Maybe it's not just Blackwater after all

A private security firm is involved in the allegedly unjustified shooting of an Iraqi civilian, and this time it's not Blackwater.


Alex Koppelman
November 12, 2007 7:17PM (UTC)

Not two months after a shooting incident that shone a new, harsh light on the activities of the private security contractors who have become indispensable to U.S. efforts in Iraq, the New York Times reports that a guard with DynCorp International may have shot and killed an unarmed Iraqi without justification on Saturday.

The September shooting involved guards from Blackwater, the most prominent of the contractors. DynCorp was, until now, its mostly obscure rival. But given the details of what the Times reported, that obscurity may be a thing of the past. Among other things, the Times says that three witnesses to this latest shooting claim there was no reason for it.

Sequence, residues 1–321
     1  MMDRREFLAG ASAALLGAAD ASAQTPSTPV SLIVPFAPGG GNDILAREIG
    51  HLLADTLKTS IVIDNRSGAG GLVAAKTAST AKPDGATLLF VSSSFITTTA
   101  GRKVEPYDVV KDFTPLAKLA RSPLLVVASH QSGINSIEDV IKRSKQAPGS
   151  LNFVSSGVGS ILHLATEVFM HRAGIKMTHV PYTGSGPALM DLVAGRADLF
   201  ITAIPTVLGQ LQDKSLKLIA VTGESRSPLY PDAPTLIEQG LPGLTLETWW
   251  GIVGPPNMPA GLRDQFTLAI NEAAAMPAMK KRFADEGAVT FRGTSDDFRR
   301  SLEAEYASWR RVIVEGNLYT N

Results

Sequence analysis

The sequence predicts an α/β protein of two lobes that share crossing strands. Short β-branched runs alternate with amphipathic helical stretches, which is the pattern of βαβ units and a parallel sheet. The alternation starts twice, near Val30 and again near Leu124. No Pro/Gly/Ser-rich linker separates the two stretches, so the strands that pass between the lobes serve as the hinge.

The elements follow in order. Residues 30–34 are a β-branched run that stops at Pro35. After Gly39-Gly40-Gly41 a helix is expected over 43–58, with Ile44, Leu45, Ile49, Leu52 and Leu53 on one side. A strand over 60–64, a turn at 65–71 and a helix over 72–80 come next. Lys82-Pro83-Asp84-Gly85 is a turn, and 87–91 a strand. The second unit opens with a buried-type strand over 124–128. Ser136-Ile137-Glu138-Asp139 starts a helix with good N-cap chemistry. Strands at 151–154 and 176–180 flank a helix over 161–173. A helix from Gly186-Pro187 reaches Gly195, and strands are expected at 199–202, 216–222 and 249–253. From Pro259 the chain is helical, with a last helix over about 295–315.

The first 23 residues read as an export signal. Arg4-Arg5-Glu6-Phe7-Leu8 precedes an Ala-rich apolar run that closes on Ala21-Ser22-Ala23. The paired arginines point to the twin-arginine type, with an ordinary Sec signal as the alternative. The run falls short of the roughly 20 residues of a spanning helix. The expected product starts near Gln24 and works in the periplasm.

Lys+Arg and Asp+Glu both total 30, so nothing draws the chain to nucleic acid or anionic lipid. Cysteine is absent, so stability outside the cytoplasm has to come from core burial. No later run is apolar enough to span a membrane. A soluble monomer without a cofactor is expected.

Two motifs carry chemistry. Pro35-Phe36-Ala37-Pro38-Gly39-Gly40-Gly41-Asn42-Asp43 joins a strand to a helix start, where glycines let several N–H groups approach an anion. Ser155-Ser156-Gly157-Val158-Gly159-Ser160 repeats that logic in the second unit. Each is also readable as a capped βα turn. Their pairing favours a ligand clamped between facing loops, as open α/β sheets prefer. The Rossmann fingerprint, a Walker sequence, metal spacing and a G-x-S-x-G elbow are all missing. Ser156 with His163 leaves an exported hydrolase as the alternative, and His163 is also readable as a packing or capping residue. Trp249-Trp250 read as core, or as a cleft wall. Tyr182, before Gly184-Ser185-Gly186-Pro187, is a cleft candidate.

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The shooting coincides with the arrival of a U.S. team tasked with looking at the issues posed by the presence of security contractors, who have become controversial at least partially because while the U.S. military needs to be careful about winning "hearts and minds," the contractors have only the safety of their charges in mind. One of the issues that will no doubt come up with the renewed attention on the companies is the question of legal immunity for contractors. The Iraqi government has taken initial steps to revoke immunity granted the contractors during the reign of the Coalition Provisional Authority, but there's been no definitive action yet.


Alex Koppelman

Alex Koppelman is a staff writer for Salon.

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